The universities work on the technical skills, of course, but also focus on critical thinking, project management and the development of new ideas and concepts that will be so critical to manufacturers in the coming years.

“Some of the projects that these students might be working on in the future are things that people haven’t even seen yet,” Kleinheinz says.

The program also helps build a generation of new workers that have the right kinds of skills for a job rather than starting at a company with a degree that’s “close.”

“What we’re trying to accomplish as a part of this bachelor’s degree is to produce graduates who can keep up with changing technology,” says John Koker, dean of the College of Letters & Science at UW-Oshkosh. “In other words, they’re not just training on a specific type of machine, or to do a task.”

As technology changes, these workers should be committed to lifelong learning and ongoing professional development. The degree program is meant to prepare them to grow into a career, rather than preparing for a job, he says. And they need to be versatile.

“A lot of the HR people and CEOs I’ve talked with talk about the technical skills, but also those critical thinking skills,” Koker says. “That people have to realize that they’re going to have to be able to adapt and learn and change on the job as technology grows.”

They also want people who might be hired as an engineering technologist but also end up as a member of the sales force or a member of the management team. “They were telling me that’s kind of a win-win situation,” Koker says.

Koker also has been involved in the new regional Information Technology Alliance, led by Kathi Seifert, president and owner of Katapult, LLC and co-chair of New North, Inc. Leaders in the IT alliance have a goal of creating degree programs also focused on IT — which is becoming more important to manufacturing as the industry relies more on technology.

“IT is needed in all industries and at all levels in industry to better equip businesses and grow their top and bottom line results to compete more effectively,” Seifert says. “So we need more IT talent to do that.”

Attraction and retention

The new IT alliance hopes to inspire people of all ages to pursue information technology as a career pathway — which is widely varied, covering areas such as software engineering, data analysis, quality assurance, and information security — and to inspire people already working to return to school to build their
IT skills.

“We are trying to encourage people to realize that regardless of their skills — yes, if they’re good in math and science — but also if they’re creative and innovative in their thinking, good at problem solving and working in teams, then there are IT opportunities for them,” Seifert says.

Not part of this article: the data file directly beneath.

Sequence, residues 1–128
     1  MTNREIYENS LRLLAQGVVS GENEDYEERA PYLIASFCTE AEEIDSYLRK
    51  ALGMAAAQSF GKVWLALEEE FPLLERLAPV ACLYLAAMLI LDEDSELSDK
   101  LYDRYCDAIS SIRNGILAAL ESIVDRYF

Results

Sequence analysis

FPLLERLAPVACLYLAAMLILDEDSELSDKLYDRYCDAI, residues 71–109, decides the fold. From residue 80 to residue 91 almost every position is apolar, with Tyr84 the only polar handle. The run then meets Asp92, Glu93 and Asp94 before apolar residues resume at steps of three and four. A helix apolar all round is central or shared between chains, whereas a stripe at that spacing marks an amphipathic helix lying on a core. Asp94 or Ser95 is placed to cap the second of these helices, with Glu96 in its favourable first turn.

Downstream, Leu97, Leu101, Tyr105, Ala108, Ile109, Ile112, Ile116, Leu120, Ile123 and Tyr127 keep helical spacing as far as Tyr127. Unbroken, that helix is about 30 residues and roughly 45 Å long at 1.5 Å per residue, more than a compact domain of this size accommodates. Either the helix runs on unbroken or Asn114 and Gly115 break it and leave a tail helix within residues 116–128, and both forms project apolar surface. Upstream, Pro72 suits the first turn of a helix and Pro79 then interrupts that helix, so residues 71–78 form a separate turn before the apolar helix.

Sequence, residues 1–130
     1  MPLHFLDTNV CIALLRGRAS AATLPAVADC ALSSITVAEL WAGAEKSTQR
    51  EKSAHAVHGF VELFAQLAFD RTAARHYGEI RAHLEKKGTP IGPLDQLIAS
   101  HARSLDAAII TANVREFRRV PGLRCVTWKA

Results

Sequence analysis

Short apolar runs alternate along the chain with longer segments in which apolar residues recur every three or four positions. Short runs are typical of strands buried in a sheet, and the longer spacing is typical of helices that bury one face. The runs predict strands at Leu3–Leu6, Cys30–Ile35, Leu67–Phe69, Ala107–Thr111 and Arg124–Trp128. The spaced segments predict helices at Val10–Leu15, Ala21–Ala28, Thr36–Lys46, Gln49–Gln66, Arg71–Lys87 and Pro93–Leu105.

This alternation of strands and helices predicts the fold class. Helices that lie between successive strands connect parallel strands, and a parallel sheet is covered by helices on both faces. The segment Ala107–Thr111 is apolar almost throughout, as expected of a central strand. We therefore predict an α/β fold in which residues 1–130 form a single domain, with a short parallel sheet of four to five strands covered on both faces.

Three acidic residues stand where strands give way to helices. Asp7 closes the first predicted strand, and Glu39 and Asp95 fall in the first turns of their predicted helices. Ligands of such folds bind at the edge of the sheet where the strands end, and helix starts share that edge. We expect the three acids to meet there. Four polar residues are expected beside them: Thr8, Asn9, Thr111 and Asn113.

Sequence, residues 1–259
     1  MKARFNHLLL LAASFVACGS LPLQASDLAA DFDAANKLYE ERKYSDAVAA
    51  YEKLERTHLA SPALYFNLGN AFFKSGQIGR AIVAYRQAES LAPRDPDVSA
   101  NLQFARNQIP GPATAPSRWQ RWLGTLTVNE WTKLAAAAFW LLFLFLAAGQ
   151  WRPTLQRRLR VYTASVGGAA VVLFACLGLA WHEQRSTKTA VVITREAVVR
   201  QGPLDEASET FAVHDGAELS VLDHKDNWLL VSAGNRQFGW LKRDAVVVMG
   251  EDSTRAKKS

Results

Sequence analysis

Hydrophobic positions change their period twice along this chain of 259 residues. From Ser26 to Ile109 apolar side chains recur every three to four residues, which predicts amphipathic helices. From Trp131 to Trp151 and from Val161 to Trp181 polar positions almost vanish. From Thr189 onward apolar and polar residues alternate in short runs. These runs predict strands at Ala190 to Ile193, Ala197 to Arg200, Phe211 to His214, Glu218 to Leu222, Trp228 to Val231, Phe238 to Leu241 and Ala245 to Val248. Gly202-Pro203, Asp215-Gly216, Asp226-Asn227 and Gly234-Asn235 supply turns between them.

The alliance also wants to inspire IT professionals to relocate to Northeast Wisconsin to help build business here.

Having a new degree program will help develop the talent that’s already here, as it’s starting to withthe engineering programs at UW-Oshkosh and UW-Green Bay.

“And by developing this talent pool that’s grown locally — primarily students that come from the area and want to stay in the area — that provides a much more stable platform for manufacturers to keep employees over the long term,” Kleinheinz says.

That helps companies avoid the time, effort and cost in recruiting and training new workers, an extra expense that manufacturers don’t need. Area educators also are working to enhance programs for returning students — employees who are mid-career and looking to upgrade their skills — and the need is only going to accelerate.

Manufacturers are recognizing the need to change the way they do some things to help keep the workers they have and attract the workers they want.

Georgia-Pacific works with area two-year colleges and high schools, but the company also knows it needs to take action internally. “We now have a group of skill-builders and skill-developers to help train people,” Harbath says.

Georgia-Pacific also eliminated its old seniority system, ensuring that the right people with the right skills are placed in the right jobs, Harbath says. It also offers salaries based on value creation, not job title. That takes a big shift in thinking and culture.

“The change we’ve seen at our facility is absolutely remarkable,” Harbath says — employee retention, morale and production are all improved.

Kettler says manufacturers and educators have done a great job working with schools and with each other through the NEW Manufacturing Alliance. “But we also have to keep challenging ourselves and each other to continue with what’s next,” Kettler says. “And what’s next is really what none of us can predict — if we look at how fast technology is moving. In the next five years or 10 years— what’s our manufacturing floor going to look like, and how are we going to prepare ourselves? It’s really exciting.”